The death of private equity has been predicted many times before and this recent article is no exception. What is also not in question is that more people than ever are throwing money at private equity and alternative asset providers and that thay are expecting less from them:

“The investors have accepted the idea of lower returns as OK,” said the head of a private equity group. “It used to be that investors would earn 20 per cent net internal rate of returns. Now they are happy with 14 per cent or 15 per cent net internal rate of returns.”

What is not in question as well is that with ever more private equity money looking for returns the risk meter is being dialled up, which in offshore may present opportunities on the services side of the business, but with vessels and rigs, private equity money  will end up leaving the industry I think. An inability to get debt, lack of asset price inflation, and no other buyers for exit will be the core reasons.

Saying the offshore vessel industry is in chronic oversupply is really the same thing as saying there is too much capital in the industry. To rebalance some of this capital will leave via scrapping vessels, but some will also leave as investors can no longer justify holding their positions that require new equity to keep funding operating losses, or they realise they hold something unsellable. The question for the private equity firms in offshore is how they get out of investments where they are long on vessels? First Reserve are clearly doing all they can to get out of DOF Subsea and they have been some of the smartest energy investors around.

At the other end of the spectrum are York Capital and Hitecvision. Both initially backed start-up contracting companies looking to go long on vessels, then the market turned and they changed strategy to be vessel light, and now York have doubled down by buying more vesssels via Bibby. Hitecvision on the other hand have renogtiated with Solstad to reduce their exposure, closed out on Reef Subsea, and have tried to sell OI to MDR but failed.

The link here is how do these companies get out from these investments? The deeply related question is do you need a boat to a contractor? I mean obviously you need a vessel to deliver work offshore, but do you need a vessel under your control 365 via ownership or a time charter to be a contractor? The answer of course is that it depends… but if Asia is any clue to how the North Sea will go, in a situation where construction vessels are commodities, then things will be increasingly difficult for these two investors even as the market picks up. In Asia the reason margins have been structurally lower than the North Sea for years is solely because there were more competitors, and there were more competitors because there was a bigger choice of vessels, and therefore a relatively larger number of project managers who would charter one for a one off project.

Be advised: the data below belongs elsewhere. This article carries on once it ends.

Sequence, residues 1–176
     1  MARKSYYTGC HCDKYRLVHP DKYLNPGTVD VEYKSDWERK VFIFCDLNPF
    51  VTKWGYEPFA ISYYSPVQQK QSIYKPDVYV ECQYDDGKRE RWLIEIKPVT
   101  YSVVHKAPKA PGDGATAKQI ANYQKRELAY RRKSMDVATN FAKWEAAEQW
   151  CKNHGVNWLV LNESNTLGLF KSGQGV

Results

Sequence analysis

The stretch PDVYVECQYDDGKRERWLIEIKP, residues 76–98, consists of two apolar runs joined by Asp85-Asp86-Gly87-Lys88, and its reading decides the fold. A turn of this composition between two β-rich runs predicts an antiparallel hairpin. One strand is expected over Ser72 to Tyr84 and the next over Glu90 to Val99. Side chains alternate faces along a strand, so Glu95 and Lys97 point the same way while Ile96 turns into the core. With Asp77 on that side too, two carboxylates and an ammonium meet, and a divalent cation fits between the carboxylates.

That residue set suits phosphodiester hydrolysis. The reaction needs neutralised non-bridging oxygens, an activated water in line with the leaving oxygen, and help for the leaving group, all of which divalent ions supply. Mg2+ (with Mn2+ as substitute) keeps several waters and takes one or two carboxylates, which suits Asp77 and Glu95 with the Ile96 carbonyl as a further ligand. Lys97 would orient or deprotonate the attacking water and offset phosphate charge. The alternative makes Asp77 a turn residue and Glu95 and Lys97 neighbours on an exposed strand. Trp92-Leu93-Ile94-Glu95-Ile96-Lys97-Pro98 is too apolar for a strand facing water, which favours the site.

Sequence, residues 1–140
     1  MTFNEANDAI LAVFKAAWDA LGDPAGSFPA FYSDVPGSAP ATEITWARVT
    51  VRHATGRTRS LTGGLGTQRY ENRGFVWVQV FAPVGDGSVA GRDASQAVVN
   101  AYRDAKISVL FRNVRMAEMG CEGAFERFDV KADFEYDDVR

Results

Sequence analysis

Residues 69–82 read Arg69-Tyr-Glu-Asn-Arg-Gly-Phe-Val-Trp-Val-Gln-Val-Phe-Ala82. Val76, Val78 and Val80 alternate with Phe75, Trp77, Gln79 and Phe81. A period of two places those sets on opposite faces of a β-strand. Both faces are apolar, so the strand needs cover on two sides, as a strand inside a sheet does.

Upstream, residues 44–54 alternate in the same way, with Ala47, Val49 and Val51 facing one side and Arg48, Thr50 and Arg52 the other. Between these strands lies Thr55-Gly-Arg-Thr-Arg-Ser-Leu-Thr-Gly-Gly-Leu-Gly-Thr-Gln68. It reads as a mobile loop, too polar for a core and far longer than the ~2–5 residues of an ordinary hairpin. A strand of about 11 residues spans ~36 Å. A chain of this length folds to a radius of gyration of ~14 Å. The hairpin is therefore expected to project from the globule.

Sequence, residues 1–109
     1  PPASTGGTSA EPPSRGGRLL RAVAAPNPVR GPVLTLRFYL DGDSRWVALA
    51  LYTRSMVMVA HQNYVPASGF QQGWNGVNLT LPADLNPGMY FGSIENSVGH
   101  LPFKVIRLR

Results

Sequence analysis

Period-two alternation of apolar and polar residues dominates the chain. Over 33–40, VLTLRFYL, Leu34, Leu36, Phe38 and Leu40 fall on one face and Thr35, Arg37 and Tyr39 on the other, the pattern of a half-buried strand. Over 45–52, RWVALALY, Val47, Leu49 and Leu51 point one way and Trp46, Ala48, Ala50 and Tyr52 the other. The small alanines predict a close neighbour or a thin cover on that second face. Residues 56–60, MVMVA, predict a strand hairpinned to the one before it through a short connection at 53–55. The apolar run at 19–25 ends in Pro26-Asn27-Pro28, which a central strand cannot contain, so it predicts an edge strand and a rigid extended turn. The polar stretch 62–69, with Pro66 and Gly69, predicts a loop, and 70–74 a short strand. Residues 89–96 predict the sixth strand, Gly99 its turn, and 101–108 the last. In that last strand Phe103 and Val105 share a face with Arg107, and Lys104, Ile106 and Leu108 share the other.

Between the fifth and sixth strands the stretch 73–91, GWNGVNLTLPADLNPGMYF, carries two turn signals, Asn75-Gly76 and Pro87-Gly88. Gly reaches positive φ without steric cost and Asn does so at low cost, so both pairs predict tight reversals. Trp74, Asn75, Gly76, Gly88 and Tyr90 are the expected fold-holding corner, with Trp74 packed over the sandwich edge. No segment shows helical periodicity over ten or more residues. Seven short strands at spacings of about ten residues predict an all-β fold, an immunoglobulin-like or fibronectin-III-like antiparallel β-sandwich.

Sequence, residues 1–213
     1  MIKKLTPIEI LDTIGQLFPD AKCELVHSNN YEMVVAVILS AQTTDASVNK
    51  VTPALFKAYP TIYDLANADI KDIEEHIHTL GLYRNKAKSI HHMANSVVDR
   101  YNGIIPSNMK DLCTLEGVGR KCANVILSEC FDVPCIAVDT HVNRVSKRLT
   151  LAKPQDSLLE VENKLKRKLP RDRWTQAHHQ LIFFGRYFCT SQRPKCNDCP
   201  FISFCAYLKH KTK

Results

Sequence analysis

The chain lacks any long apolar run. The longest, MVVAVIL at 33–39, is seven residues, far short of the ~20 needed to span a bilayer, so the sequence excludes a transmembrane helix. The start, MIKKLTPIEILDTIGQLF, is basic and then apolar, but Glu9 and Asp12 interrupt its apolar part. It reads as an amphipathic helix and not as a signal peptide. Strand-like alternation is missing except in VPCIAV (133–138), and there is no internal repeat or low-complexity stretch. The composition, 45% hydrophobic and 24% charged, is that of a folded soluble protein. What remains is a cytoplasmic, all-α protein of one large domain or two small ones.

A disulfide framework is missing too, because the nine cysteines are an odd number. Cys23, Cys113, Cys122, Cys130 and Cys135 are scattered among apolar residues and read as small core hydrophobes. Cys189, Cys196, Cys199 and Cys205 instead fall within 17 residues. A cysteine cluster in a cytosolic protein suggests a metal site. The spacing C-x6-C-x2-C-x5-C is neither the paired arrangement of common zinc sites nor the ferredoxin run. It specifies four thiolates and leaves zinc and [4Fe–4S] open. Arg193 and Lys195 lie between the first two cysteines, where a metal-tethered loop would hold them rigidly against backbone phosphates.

But it is clearly the case is that a “boatless” contractor is more a lifestyle business than a serious economic or investable proposition. Without a vessel barriers to entry are low and all the business is really is a project management house charging 10-15% on the PM & Engineering, and then, when the market is good, some margin on the vessel. Such a company has only intangible assets, no intellectual property, can borrow virtually nothing, and its growth options are limited to how many engineers and project resource it is committed to hire. This is what is called a constant returns to scale business: no matter how much capital you throw at it you get back a 10-15% operating profit on the output which increases marginally to scale as the business becomes huge. There is also a fair bit of risk as when the market is weak, like now, and you have to bid lump sum and it runs over, the cost of the vessel is way beyond any margin you made elsewhere. It is exactly the business model of Carillion.

Now that the vessel market for OSVs is oversupplied, once pricing on certain projects gets above a certain level, any number of project management houses are likely to enter the market. In the old days when this wasn’t the case the rewards for going long on chartered (or owned) vessels was immense: as days rates increased annually those on long terms charters got an uptick in the charter rate but still only made 10-15% margin on the PM & Engineering. Now, if you are lucky, you get a 10% markup on the vessel and some operators are askling for direct pricing of the vessel or direct procurement.

There is no better example of this business model than Cecon Contracting (“Cecon”). Now don’t get me wrong Cecon is a great little business, but it is a lifestyle business. By that I mean it is a collection of guys in a shed at Arundel (a lovely shed btw I have been to a few times and they do a nice lunch) who meet at the office, and annually, if they are lucky, do a project in Angola, Tunisia, or some other exotic location. It is a lot like a boys golf weekend with a lot of pre-meets at the pub for planning, followed by the actual trip.  But there is nothing replicable or scaleable about this, and there is no forward order to book so to speak of. There is therefore nothing of value to sell. It’s a great little business for the guys involved, I wish I owned it (although being from NZ I don’t play golf), but it will be a lifestyle business forever. It is worth noting that one of the two projects they did last year one was the seafastening calculations for their own (or really Revers’) partially built vessel to get to cold stack, a project that on the open market would rank in the few tens of thousands (and maybe pay for the golf weekend). But Cecon has no operational shipping assets to speak of in its current incarnation (whereas Rever appears to have an asset in warm stack in Malaysia… like a lot of other people).